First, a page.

Hitting The Reset Button (Sort of): Our Review of ‘Spiral: From The Book of Saw’

Posted in Movies, VOD/iTunes/DigitalDownload by - June 01, 2021
Hitting The Reset Button (Sort of): Our Review of ‘Spiral: From The Book of Saw’

All games need to hit the reset button once in a while…

After a whopping EIGHT installments in the Saw franchise there honestly aren’t too many people out there who were clamouring for more, and this critic could easily say that he’d probably be at the front of that line…but we’re all wrong sometimes.

A criminal mastermind unleashes a twisted form of justice in Spiral, the terrifying new chapter from the book of Saw. Working in the shadow of his father, an esteemed police veteran (Samuel L. Jackson), brash Detective Ezekiel “Zeke” Banks (Chris Rock) and his rookie partner (Max Minghella) take charge of a grisly investigation into murders that are eerily reminiscent of the city’s gruesome past. Unwittingly entrapped in a deepening mystery, Zeke finds himself at the center of the killer’s morbid game.

Spiral: From The Book of Saw certainly borrows plenty from the original films, but rather than having it play as a strictly horror piece of cinema, it ends up as a reasonably solid crime procedural that just isn’t afraid to shy away from some moments of pure gore.  While it could have used a little more character development to really open it up to a broader audience, it still flashes us just enough gore to keep the hardcore fans happy.

At its very heart, there’s actually something pretty interesting in the Saw saga.  Even in the later installments when it descends into full on torture porn, the morality play that drives it has always been pretty interesting.  Here in Spiral the morality play and crime procedural aspects get pushed to the front of the line rather then the gory violence.

There aren’t too many people out there who know this material then Writer/Director Darren Lynn Bousman who returns here to direct what is being laid out in front of us on this one.  Bousman captures the dirty and desperate essence of this world pretty effortlessly, giving this unnamed city (which Toronto doubles for) a real sense of being an urban sprawl that used to be on the brink of eating itself alive.  In marriage with the morality and debates between right and wrong it’s hard not to get at least somewhat engaged in all this, even when it gets a little gross and overly elaborate.

The film’s visual style really pops here as the story transitions from its roots into something that actually has somewhat of an ‘HBO series’ panache to it…even if it is on a budget.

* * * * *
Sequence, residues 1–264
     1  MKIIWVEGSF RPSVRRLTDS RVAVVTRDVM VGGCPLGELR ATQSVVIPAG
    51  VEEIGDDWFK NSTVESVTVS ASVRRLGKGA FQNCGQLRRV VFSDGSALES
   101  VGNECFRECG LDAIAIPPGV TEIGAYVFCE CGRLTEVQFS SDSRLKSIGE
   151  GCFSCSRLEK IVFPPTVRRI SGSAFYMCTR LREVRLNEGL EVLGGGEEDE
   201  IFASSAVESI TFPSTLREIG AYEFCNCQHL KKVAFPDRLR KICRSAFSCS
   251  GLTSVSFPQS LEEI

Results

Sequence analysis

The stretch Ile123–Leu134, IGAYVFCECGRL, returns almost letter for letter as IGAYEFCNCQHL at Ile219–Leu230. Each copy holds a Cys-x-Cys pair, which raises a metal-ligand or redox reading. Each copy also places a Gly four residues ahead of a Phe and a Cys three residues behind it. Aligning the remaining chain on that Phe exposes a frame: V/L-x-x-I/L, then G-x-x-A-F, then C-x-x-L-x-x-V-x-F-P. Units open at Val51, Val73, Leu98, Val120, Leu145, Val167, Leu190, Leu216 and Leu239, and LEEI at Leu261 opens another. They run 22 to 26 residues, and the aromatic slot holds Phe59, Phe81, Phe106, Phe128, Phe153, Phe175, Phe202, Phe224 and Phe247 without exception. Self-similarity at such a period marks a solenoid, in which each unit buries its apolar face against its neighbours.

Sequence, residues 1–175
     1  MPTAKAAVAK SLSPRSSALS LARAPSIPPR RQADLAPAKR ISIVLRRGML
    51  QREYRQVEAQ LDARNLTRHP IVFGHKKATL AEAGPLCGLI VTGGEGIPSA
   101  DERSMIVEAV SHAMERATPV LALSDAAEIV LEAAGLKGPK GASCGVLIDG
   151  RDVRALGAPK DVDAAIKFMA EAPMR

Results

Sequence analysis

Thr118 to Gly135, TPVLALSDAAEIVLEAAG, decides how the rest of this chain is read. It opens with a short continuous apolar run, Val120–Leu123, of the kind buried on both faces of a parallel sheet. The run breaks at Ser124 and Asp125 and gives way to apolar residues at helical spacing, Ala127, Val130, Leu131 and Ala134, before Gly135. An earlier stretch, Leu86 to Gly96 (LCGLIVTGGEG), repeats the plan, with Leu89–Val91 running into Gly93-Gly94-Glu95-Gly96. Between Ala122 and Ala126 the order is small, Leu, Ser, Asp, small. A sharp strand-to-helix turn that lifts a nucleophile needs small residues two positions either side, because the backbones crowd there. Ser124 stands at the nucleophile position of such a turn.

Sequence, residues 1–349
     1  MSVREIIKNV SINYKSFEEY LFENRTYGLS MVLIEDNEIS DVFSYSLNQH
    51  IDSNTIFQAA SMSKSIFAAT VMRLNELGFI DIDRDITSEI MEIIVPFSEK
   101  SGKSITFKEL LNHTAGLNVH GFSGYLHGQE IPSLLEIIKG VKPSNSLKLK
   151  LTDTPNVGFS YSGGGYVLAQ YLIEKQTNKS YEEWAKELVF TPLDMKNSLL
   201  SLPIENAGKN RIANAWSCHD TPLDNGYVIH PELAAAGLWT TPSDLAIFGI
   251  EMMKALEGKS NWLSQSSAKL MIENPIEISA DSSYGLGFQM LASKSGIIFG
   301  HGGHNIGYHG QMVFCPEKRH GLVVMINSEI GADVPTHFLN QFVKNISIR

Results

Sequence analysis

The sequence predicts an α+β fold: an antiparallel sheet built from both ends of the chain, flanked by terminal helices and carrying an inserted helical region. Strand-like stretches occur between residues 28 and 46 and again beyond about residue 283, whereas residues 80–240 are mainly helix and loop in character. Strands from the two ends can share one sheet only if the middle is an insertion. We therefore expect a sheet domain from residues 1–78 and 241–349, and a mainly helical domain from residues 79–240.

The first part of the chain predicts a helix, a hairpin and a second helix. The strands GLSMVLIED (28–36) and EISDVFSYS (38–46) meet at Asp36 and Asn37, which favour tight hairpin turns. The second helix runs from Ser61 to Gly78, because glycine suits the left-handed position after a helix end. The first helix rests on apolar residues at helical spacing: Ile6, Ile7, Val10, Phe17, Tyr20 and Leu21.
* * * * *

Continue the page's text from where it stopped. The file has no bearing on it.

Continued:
Rather than play into any kind of horror beats, this film is more crime procedural then anything (all be it a VIOLENT one) and the script from writers Josh Stolberg and Pete Goldfinger avoid saying ‘Jigsaw’ as much as humanly possible and that works to its benefit.  This world of Spiral while playing from some of the same obvious handbook still feels distinct enough to stand out on its own because it’s trying to advance a story rather than getting us from one elaborate Rube Goldberg killing machine to another.

That being said, as much as we enjoyed the story on this outing, there’s no denying that the dialogue is pretty weakly written and has an ensemble cast that isn’t all the way up to the job of carrying it though.

Chris Rock as our haggard hero is certainly putting forth is best effort here on this but while he does a decent job from top to bottom, with very few people to play off of he comes off as pretty forced throughout the movie.  Max Minghella is pretty one dimensional as his new rookie partner and familiar face Marisol Nichols is just terribly underwritten as most of the characters in this film either begrudgingly support Rock’s character…or flat out tell him to fuck off at every turn.  The supporting players really had no chance at any kind of nuance while Samuel L Jackson’s character is basically there to be Samuel L Jackson.

Much like the original Saw; Spiral: from the Book of Saw has more than enough interesting elements going for it to keep you engaged from beginning to end with it’s visual style for days and compelling morality tale behind it all, but if Spiral finds more chapters being written in its universe, we’re going to need to know a little more about the players involved.

Spiral: From The Book of Saw hits most VOD platforms at premium prices today.

This post was written by
David Voigt is a Toronto based writer with a problem and a passion for the moving image and all things cinema. Having moved from production to the critical side of the aisle for well over 10 years now at outlets like Examiner.com, Criticize This, Dork Shelf (Now That Shelf), to.Night Newspaper he’s been all across his city, the country and the continent in search of all the news and reviews that are fit to print from the world of cinema.
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